Blockware Intelligence Newsletter: Week 76
Bitcoin on-chain analysis, mining analysis, macro analysis; overview of 2/18/23-2/24/23
Blockware Intelligence Sponsors
If you are interested in sponsoring Blockware Intelligence email: firstname.lastname@example.org.
Foundation builds Bitcoin-centric tools that empower you to reclaim your digital sovereignty, starting with Passport, the new standard for Bitcoin hardware wallets. Passport combines best-in-class user experience with air-gapped security, and pairs perfectly with our companion mobile app, Envoy. Use code: BLOCKWARE for $10 off!
Blockware Solutions - Buy and host Bitcoin mining rigs.
February’s FOMC minutes reiterated the Fed’s conviction to bring interest rates higher for longer.
Core PCE increased by 0.6% in January, the 4th largest single-month increase since the 1980’s.
Q4 real GDP was revised down to 2.7% from the advanced estimate of 2.9%.
Mortgage applications are down to their lowest level since 1995.
The cost-basis of short-term holders is roughly equal to the cost-basis of all Bitcoin holders.
Accumulation from long-term holders and increase in the rate of new on-chain addresses could result in a supply squeeze.
The stablecoin supply ratio indicates Bitcoin may be temporarily over-heated. However, lots of stablecoin buying power remains on the sidelines.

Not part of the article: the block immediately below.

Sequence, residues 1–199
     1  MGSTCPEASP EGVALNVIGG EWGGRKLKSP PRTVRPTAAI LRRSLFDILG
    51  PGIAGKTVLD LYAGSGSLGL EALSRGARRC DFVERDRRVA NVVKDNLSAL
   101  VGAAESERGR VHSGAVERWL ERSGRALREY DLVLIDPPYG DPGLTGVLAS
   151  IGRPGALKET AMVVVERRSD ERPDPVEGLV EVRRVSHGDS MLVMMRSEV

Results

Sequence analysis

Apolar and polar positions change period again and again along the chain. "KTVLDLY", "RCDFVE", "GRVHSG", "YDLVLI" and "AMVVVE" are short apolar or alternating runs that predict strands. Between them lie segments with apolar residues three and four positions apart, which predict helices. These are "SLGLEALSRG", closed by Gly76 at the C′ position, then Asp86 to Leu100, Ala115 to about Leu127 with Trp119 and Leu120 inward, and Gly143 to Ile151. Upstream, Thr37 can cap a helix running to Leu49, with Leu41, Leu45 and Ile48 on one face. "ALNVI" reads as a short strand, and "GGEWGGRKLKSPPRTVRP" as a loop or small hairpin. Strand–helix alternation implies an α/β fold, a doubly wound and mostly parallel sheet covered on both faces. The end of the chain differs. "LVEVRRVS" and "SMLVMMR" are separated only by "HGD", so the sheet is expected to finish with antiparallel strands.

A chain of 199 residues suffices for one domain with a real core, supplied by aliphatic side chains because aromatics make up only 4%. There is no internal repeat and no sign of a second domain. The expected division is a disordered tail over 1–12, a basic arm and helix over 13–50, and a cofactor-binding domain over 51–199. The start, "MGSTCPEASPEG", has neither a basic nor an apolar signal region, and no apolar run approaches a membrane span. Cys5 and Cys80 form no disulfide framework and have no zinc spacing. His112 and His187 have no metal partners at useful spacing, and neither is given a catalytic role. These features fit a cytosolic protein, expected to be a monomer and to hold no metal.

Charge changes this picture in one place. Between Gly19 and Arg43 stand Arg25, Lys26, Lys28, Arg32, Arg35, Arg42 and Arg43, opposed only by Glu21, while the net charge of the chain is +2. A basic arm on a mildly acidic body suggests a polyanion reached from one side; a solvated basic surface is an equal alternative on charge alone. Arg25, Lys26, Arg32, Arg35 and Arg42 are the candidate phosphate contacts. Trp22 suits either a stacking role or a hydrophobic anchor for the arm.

BTC’s correlation with the S&P 500 is negative for the first time since the FTX collapse.
The number of addresses with a balance greater than $10 is near all-time highs.
Mean block size, taproot adoption, and taproot utilization have all declined significantly, indicating that “ordinals” may have been a fad.
Mining difficulty is projected to increase ~ 10% later today.
Energy Gravity sits at $0.13, and the estimated median breakeven price for those operating modern Bitcoin ASICs is $13,227.
General Market Update
While it was a shortened trading week, there is still plenty to discuss this week across the general market.
On Wednesday, we got the release of the Fed minutes, or a record of the behind the scenes at FOMC from February 1st. If you’re a consistent reader of Blockware Intelligence then the results shouldn’t surprise you.
There was a unanimous vote to raise rates by 25bps, with a couple of officials voicing support for 50bps. Fed officials also reiterated a long-held conviction to keep rates higher for longer.
This morning, data from January’s Personal Consumption Expenditures (PCE) report was released showing 5.4% YoY growth for Headline PCE. Core PCE was up 4.7% YoY and 0.6% MoM. These numbers were all above expectations.
The chart above shows the MoM change to Core PCE dating back to 1960. As you can see, there have only been a few instances where Core PCE’s MoM change has spiked since the 80’s.
After the 1980s, the only instances where Core PCE surpassed 0.4% MoM were 1990, 2001, 2007, 2009 and 2021-2023.
Core PCE is the Fed’s favorite inflation metric, now that we’re seeing it come in hotter-than-expected, it only adds more evidence to the idea that the Fed must raise rates higher for longer.
This is something that our team has been discussing for months. Our 2023 Market Forecast spoke about this in-depth, stating that inflation would likely not decline at the rate initially expected, which would result in the Fed raising rates above 5% and holding them there throughout 2023.